Mugs of powdered disappointment are still sadly prevalent, even in places you'd credit with knowing better, but thankfully aficionados will find no shortage of savvy cafés and specialists in Edinburgh where the art of heavenly hot chocolate is understood.
The Chocolate Tree in Bruntsfield takes hot chocolate very seriously indeed. It warrants its own menu, which more closely resembles a wine list, with its details of origin (namely Uganda, Tanzania, Venezuela and Madagascar) and gradients of cocoa content and descriptions of flavour and depth, peppered with words like organic, artisan and single origin. Choose from white, milk or varying grades of dark, and flavours such as chai, rose and vanilla, and orange winter spice.
At Coro in Canonmills the incredibly rich and beautifully presented drinking chocolate starts with a melted Belgian chocolate base, in either white, milk or dark varieties, to which frothy steamed milk and flavours including chilli, peanut butter, fresh mint, strawberries and hazelnuts, nougat and caramel or a shot of espresso are added. For the true addict, you can even order the unadulterated melted chocolate by the shot.
The Hotel Chocolat café on Frederick Street (and its outpost in John Lewis) serves up hot chocolate in flavours including hazelnut, chilli and the now ubiquitous but no less delicious salted caramel – plus a Christmas variety flavoured with cinnamon, ginger and nutmeg – all of which are distinctively less cloyingly sweet than the average. Also on offer are their cocoa shell infusions – made from crushed, roasted cocoa shells as an alternative to tea, plain or flavoured with peppermint or ginger.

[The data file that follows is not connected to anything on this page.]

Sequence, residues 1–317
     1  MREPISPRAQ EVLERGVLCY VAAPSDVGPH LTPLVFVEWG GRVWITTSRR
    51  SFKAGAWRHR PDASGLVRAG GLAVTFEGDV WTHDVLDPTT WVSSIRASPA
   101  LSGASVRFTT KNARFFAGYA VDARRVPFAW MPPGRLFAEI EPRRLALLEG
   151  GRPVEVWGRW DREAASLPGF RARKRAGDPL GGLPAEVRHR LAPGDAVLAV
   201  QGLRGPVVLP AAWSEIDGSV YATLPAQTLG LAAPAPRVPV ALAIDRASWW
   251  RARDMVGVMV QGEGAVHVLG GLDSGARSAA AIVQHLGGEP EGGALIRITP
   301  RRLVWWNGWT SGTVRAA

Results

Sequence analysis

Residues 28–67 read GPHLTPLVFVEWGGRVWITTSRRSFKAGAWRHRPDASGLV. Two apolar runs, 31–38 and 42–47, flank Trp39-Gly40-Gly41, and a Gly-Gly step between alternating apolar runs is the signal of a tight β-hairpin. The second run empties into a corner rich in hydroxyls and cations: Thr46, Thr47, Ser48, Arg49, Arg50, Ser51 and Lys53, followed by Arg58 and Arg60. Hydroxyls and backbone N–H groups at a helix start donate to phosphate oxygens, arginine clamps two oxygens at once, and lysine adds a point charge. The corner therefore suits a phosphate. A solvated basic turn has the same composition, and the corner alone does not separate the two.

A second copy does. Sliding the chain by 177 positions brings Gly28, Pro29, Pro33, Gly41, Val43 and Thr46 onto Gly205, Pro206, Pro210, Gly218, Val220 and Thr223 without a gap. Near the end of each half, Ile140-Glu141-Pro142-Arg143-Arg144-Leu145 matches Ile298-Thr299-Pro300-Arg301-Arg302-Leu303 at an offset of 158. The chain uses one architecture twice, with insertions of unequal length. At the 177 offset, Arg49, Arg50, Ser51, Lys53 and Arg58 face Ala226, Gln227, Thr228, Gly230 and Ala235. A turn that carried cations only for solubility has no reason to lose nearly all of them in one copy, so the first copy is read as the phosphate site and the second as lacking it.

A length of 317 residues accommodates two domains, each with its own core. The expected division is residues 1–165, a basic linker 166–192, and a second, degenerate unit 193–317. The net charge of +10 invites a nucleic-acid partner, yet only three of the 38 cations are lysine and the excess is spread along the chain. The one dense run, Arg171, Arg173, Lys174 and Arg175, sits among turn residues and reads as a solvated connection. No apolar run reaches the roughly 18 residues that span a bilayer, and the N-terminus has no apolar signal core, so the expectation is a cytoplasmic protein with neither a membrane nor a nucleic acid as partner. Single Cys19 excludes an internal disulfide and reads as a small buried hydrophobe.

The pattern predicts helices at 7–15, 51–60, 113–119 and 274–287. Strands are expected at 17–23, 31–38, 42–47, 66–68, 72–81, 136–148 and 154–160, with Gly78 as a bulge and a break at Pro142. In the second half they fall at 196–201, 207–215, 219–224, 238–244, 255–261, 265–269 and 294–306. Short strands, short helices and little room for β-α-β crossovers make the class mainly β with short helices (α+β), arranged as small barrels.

For a twist on the traditional, head to Mary's Milk Bar on the Grassmarket for a hot chocolate ice cream float – a hulking dollop of what is unquestionable the city's best gelato, plopped into a giant mug of creamy, steaming chocolate. Thanks to the ever-changing array of fantastical ice cream varieties on offer (including Christmas specials white chocolate and pine needle, fig and hazelnut, mince pie, brandy chestnut choc chip, and mulled pear sorbet) and a choice of hot chocolates that includes dark chocolate and sea salt, orange and cinnamon, even frankincense and myrrh, flavour combinations are pretty much limitless.
At Contini they serve hot chocolate for the purist – there are no outlandish flavour combos to contend with, just the traditional accoutrements of marshmallows and whipped cream, or steamed milk on the side to dilute as (or rather, if) you wish, but what you're served is basically liquid (55 per cent cocoa) chocolate in a cup that might as well be a bowl.